It is the weight, not numbers of experiments that is to be regarded.
– Isaac Newton
Almost two weeks past the finale and already the plot begins to fade, like all unresolved issues, from my mind. I’ll finish today with the first mystery. I’m sure I’ve missed some (pipe up and I’ll solve them for you), but the point of these posts was not to plug every hole, but just to show that it could be done. There could have been a solution. There could have been an end. Instead the creators chose to stop dead (pardon the pun). Narrative is about adding meaning to the universe which has enough mystery of it’s own thank you very much.
4, 8, 15, 16, 23, 42?
The numbers were Lost’s first big mystery. Notice that they point to an order or understanding. We invent numbers to reveal the underlying sense of the universe. I would hazard to say that it was the numbers that gave a great many people the willingness to believe that an answer to the series was forthcoming. Their central mystery was a math problem and math problems have solutions. Many ideas were put forth and we ended up finally with the candidate’s numbers, but does that explain their power?
My solution? Tie in the numbers with Lost’s other central theme, time. The numbers are a timeline of the Island.
The unspoken zero is the birth of the nexus.
The four is the arrival of Jacob/MIB.
The eight is the arrival of other men to the island (the Egyptians who built the temple and the statue).
The 15 is the arrival of the Black Rock and the point when the quantum wave function that is Jacob/MIB breaks down.
The 16 is the institution of a stop gap measure that allows the two to coexist in conflict for longer than should be (and the beginning of the temporal weirdness that eventually leads to the castaways and their vast synchronicity).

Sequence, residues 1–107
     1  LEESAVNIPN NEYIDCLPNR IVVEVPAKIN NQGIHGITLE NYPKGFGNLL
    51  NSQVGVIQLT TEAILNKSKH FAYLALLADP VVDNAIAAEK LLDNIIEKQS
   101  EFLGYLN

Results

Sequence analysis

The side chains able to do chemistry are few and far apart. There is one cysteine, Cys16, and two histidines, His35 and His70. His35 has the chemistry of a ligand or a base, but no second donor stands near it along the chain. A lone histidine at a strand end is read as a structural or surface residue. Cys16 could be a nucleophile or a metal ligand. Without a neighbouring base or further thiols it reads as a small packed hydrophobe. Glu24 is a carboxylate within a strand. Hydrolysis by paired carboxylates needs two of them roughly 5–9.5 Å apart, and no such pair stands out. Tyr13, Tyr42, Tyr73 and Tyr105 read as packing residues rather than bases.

The 23 is the arrival of the Dharma initiative and their immediate predecessors. This was Jacob/MIB’s first shot at reconciliation. Their hope being that the scientist could some how cure their collapsing state.
The 42 is the arrival of the castaways. Cure is no longer an option, they must be replaced.
The numbers therefore become like the golden mean, a hidden order to the chaos of the island, they don’t correspond to years because the Island doesn’t interact with time in the same way as everyone else.
Oh and in the parallel timeline, a big reveal occurs when we find out that Hurley’s numbers are different. The 42 is now 30 the time of Jughead’s destruction of the Island. Ta da!
What about the hatch?
Trust me when I say that there could have been an answer for everything, if the writer’s so chose. I did so love the hatch, though. What could it have been (instead of nothing, which is what it was)? A quantum suicide machine, by which the scientists could force the outcome of reality to go their way. It’s a beautiful solution that goes right along with everything we saw in the series and the nexus version of the Island.
But what about the ghosts?
Okay, last question. Ghosts have to be supernatural, right? There is no other solution. Unless they are the surviving versions of people from alternate timelines brought through the nexus to affect reality.
The point of all of this is not that this is what Lost was, or should have been, but simply that if they wanted to the writer’s could have given us an answer and it was a failure to commit to their story (a story so many of us freely committed to) and/or a misunderstanding of the basics of storytelling that led to a lackluster finale that will be forgotten, along with the show itself.
Goodbye, Lost. You were a good show. You could have been great.